The following are some more answers to past cards and memorabilia questions I have received. If you have any questions, feel free to email me at [email protected]
Question: What is a CDV?
Answer: The acronym for carte de vistie (a French word), a CDV is a small photo card that was popular in the 1800s and early 1900s. They measure about 2.5 x 4 inches and have a photographic print on a usually larger piece of cardboard.
The photography studio or photographer is often printed on front and/or back. The images depict everything from family photos to US presidents to Civil War soldiers. CDVs are popularly collected today, and CDVs of athletes are collected by collectors of early sports cards.
Question: Do you think modern photographs are collectible?
Answer: Definitely. I'm a fan of modern photography, from the 1970s to today. Quality original and limited photos by famous photographers can have good value too.
Question: Do you think the major auction houses are reliable for selling authentic photos?
Answer: I used to see a good number of mistakes about ten years ago, but they've improved a lot. It's always a photo by photo and auction lot by auction lot case, but I think the big sports auction houses are generally reliable.
It is interesting that the most recent auction house error that comes to mind was for a rare 1860s baseball photo that the auction house incorrrectly labelled as being from the 1870s. As the older the rarer and more valuable, their dating lowered the value. I told them and they were happy to correct their online catalog listing.
Question: Why are cabinet cards called cabinet cards?
Answer: Because the antique photos were commonly displayed in cabinets, just as people today display collector's plates in cabinets. There is another type of 1800s photo called a boudoir card, because it was intended to be displayed in a boudoir. Boudoir being an old-fashioned name for a lady's bedroom or dressing room.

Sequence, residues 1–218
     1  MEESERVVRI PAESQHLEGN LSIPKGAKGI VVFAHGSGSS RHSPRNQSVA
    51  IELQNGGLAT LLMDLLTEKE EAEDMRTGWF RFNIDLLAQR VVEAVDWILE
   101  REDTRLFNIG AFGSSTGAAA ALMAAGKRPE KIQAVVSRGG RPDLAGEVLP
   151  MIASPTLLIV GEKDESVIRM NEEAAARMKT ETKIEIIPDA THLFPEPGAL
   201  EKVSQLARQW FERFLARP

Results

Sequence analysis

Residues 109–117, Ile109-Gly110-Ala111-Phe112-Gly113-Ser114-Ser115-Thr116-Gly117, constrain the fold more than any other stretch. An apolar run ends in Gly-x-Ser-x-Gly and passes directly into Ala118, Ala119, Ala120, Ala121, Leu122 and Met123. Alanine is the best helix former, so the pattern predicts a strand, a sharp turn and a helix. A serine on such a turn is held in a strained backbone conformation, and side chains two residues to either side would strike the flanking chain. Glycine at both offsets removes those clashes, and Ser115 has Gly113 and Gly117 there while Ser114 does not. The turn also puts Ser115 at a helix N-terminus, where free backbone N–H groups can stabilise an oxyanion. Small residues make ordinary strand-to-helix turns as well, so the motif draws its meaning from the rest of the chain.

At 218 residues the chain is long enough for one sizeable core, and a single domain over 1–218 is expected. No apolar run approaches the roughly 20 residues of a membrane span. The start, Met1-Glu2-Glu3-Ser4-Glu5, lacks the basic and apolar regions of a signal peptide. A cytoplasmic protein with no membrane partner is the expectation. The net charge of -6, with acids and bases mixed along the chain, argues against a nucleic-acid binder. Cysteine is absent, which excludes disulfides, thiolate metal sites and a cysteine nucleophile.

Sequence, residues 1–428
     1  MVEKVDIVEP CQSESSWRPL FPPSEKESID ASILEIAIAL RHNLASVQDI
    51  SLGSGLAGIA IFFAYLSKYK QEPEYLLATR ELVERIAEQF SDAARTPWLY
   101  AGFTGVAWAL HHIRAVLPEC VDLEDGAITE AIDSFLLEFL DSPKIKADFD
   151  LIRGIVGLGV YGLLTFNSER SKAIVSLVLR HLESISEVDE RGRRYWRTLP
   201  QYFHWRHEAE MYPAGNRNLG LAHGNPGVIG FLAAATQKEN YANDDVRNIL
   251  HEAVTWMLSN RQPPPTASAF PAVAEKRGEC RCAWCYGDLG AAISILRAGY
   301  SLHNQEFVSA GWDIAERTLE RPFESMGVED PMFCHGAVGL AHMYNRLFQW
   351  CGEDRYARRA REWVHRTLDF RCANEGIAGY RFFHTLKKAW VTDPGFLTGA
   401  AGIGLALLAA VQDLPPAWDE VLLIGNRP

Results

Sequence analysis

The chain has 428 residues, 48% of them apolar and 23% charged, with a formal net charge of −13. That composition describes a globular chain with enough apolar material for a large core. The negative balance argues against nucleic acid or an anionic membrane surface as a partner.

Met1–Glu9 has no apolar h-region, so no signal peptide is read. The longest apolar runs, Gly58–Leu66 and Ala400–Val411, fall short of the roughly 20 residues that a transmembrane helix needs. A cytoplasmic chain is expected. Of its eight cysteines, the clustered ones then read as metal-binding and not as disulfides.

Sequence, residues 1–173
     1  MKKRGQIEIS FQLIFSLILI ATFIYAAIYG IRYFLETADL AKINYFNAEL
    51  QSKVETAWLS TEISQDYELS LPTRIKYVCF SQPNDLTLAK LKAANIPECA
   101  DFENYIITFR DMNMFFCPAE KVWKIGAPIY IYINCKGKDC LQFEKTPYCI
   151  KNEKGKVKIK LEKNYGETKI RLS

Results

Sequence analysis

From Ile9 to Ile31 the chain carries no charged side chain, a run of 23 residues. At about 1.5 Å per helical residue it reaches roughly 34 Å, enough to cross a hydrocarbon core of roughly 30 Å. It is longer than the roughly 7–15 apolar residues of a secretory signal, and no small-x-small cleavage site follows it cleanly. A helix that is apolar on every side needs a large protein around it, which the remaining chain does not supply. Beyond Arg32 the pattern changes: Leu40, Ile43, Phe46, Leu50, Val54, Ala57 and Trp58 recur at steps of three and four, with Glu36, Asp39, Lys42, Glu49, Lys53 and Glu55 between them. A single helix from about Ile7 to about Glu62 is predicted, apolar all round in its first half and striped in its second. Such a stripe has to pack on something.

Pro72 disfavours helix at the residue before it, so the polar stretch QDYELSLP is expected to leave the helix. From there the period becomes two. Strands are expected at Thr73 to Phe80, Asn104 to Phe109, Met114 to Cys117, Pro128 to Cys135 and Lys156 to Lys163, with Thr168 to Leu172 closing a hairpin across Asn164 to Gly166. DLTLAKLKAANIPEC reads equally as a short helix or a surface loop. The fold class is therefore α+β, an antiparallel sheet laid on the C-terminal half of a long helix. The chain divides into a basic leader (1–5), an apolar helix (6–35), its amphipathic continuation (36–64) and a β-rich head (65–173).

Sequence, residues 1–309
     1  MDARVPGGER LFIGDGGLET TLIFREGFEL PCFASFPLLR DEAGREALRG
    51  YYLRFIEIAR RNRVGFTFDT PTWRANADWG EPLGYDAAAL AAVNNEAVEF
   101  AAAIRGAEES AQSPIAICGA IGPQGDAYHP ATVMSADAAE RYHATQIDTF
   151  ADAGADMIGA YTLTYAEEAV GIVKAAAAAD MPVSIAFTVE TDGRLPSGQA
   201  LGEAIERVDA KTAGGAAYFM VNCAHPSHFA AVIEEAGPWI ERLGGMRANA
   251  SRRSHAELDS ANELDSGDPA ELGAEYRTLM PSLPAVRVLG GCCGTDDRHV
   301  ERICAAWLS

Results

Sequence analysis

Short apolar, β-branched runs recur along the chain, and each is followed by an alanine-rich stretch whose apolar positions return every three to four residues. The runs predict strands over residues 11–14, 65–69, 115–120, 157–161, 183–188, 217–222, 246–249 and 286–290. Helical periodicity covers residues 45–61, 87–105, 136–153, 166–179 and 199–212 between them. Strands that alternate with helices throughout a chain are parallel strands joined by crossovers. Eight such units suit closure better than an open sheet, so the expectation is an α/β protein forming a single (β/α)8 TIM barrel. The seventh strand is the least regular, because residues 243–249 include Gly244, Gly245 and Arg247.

Question: What is a chromolithograph?
Answer: A chomrolithograph sounds like some big technical term, but it is just a nickname for especially colorful lithography. It was coined in the 1800s for fine art prints, but colorful 1800s sports cards and advertising pieces are often called chromolithgraphs. The term is applied to antique items, not modern prints. I've never heard of a 1960 Topps card or 1996 Bowman called a chromolitiograph.
Question: What's the best way to tell if a World Series, Super Bowl or other championship ring is authentic or a salesman sample?
Answer: One is to take it to a local jewelry store to determine if the gems and metal are precious. A real World Series ring would be made of genuine gold or silver and diamonds or other valuable stones, while a salesman's sample would be use cheaper version. I would also hope that a genuine World Series or Super Bowl ring would come with good provenance.
Question: What is a seriograph?
Answer: Serigraph is a fancy name for silk screen or screen printing. Artists want to sound fancy and thought silk screen was too common sounding. I guess they thought a fancy name would be better for sales. Examples of silk screens, I mean serigraphs, include Andy Warhol and Leroy Neiman prints and, of course, t-shirts.
Question: What are Harper's Woodcuts?
Answer: Harper's Woodcuts are woodcut prints (prints printed from hand cut wood blocks) that appeared in the popular 1800s illustrated magazine Harper's Weekly.
The prints are popularly collected today as they depict everything from US Presidents and Civil War action to daily life. There are many Harper's Woodcuts of 1800s baseball players including stars Cap Anson, King Kelly, Buck Ewing and Hoss Radbourne and team pictures.
These's aren't independent blank backed prints like premiums or supplements, but pictures that are part of the magazine. They are often surrounded and backed by articles text. The key is in the 1800s they didn't have the technology to reproduce photos as they do in todays newspapers and magazines. All the printing plates were carved by hand. So, though 'just' magazine pictures, they are handmade prints made the same old-fashioned way Picasso or Rembrandt made their original prints hung in a museum. Though mass produced in magazines, they can be considered original works of art. They make great display pieces and, since they were mass produced and not hard to find, are very affordable for 19th century items.